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October 10, 2020 - Comments Off on Digital Rights Foundation Expresses Concern Over Recent Ban On Popular Social Media App, TikTok

Digital Rights Foundation Expresses Concern Over Recent Ban On Popular Social Media App, TikTok

Earlier today, the Pakistan Telecommunication Authority (PTA) banned the popular video app, TikTok in Pakistan. According to the press release posted on Twitter by the PTA, the Authority claims to be acting on a large number of complaints about content on the app ‘from different segments of society’. The PTA also claims that despite multiple notices, the app continued to post indecent content, finally resulting in the ban of the app. Digital Rights Foundation (DRF) is greatly disturbed by this rising tide of online censorship in Pakistan and exercise of arbitrary powers by the PTA in attempting to control free expression on the internet.

The PTA, on July 20, 2020, sent its final notice to TikTok over concerns of ‘immoral and indecent’ content on the app. At the same time, the PTA had banned the live streaming app, ‘Bigo Live’. DRF condemned the move at the time. As an organization that works on digital rights, DRF finds these developments extremely distressing and disturbing. These bans are a blatant violation of freedom of speech online. This ban comes at a time when the Removal and Blocking of Unlawful Content (Procedure, Oversight and Safeguards) Rules, 2020 have been ‘ratified’ by the Cabinet without any transparency with the public. These Rules will further strengthen the ability of the PTA to remove and block access to an online content which goes against the ‘interest of Islam, integrity, security and defence of Pakistan, public order, public health, public safety, decency and morality’ as well as content that is deemed to constitute an offence under the Pakistan Penal Code or the Code of Criminal Procedure.

TikTok has been widely popular among young Pakistanis, downloaded around 39 million times in the country, who used to use the app as a way to express themselves. The app allowed for instant virality and popularity, which gave a lot of young Pakistanis, who lacked access to the ‘entertainment industry’, a level playing field to showcase their talent. Significantly, TikTok was a medium of expression for women, gender minorities and individuals from all social backgrounds as many content creators challenged racial/ethnic stereotypes, patriarchal attitudes and class barriers. Additionally, the app also democratized access to the entertainment world and helped to create a healthy ecosystem of digital content. TikTok helped content creators on the app enjoy a new stream of income, thereby creating a new segment of the digital economy of Pakistan.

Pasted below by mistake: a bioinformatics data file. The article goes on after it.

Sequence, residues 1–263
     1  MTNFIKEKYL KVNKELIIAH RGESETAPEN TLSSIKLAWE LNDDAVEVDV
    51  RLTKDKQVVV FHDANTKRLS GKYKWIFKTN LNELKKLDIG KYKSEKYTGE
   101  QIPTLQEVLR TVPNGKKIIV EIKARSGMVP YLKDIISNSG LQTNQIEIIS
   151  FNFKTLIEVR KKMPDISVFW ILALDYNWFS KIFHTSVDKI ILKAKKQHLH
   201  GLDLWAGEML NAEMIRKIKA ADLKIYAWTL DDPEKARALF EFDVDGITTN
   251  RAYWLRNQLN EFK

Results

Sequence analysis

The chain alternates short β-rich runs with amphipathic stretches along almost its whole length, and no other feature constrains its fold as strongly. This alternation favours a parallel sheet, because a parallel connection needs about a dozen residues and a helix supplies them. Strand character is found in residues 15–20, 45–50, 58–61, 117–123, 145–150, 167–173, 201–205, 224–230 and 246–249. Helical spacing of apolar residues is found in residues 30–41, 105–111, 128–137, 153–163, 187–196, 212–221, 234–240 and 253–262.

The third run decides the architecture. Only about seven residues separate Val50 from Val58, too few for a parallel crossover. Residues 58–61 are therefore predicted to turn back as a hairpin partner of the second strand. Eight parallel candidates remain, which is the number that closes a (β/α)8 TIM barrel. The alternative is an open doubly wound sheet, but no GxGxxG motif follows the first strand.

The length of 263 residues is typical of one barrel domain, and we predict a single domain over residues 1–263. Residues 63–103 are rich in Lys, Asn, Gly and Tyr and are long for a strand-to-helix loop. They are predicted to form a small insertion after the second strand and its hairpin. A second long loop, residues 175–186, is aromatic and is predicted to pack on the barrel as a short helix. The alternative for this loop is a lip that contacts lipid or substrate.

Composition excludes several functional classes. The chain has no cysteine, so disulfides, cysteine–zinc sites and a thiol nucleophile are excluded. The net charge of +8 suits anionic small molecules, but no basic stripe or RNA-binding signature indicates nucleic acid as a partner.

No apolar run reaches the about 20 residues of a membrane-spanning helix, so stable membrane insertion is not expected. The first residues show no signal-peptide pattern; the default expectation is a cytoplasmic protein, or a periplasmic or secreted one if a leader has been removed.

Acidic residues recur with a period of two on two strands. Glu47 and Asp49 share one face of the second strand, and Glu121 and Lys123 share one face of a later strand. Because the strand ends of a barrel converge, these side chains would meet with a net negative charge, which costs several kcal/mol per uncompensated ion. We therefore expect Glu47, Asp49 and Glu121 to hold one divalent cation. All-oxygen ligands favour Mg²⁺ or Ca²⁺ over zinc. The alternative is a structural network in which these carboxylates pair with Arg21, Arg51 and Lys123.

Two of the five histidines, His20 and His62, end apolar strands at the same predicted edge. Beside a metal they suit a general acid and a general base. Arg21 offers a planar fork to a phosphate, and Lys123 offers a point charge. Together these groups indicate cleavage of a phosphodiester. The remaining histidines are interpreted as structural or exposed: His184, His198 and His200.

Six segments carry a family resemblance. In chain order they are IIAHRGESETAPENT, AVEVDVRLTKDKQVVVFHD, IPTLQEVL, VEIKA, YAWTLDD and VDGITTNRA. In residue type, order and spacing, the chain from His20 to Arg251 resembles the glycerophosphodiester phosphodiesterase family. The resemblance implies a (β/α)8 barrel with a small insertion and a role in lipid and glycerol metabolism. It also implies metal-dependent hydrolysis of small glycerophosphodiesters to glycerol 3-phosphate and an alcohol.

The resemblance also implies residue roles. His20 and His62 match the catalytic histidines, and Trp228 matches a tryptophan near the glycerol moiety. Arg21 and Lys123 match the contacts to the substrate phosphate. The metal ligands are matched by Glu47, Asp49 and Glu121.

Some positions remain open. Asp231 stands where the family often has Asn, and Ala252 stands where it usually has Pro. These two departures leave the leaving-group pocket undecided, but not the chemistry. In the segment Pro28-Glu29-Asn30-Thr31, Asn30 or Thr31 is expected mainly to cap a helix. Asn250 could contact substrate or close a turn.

The PTA, on its pulpit for moral policing, has used vague terms such as ‘morality’ and ‘decency’ to regulate the internet without any transparency and accountability. As DRF has pointed out before, the Authority has failed to mount any objective standard for these terms and used it as a tool to morally police the internet.

A complete and blanket ban of TikTok is a disproportionate response to blocking potentially objectionable and harmful content on the platform. In fact, TikTok has been more than compliant to PTA’s requests as Pakistan is among the top five markets in terms of content removals over violations of its community guidelines. Furthermore, the company also issued its community guidelines and standards in Urdu. It is obvious that the PTA’s concern is not the safety of users or removal of harmful content as women TikTokers reaching out to DRF for months were never extended any form of support by the government, rather the ban is a tool to exert more control over online spaces by bullying social media companies into complying with user data requests and compliance for data removal requests for political content.

This is a crossroads for digital rights and online freedoms in Pakistan, we must push back to resist attempts to control our online spaces. The draconian legal regime imposed by the Prevention of Electronic Crimes Act 2016 needs to be dismantled, particularly the removal of provisions such as section 37 which allows for wide powers to remove and block content as well as removal of section 20 (criminal defamation) which is used to silence women, journalists and victims of sexual violence time and time again. The time has come for the average internet user to stand up for their rights and resist!

Published by: Digital Rights Foundation in Statement

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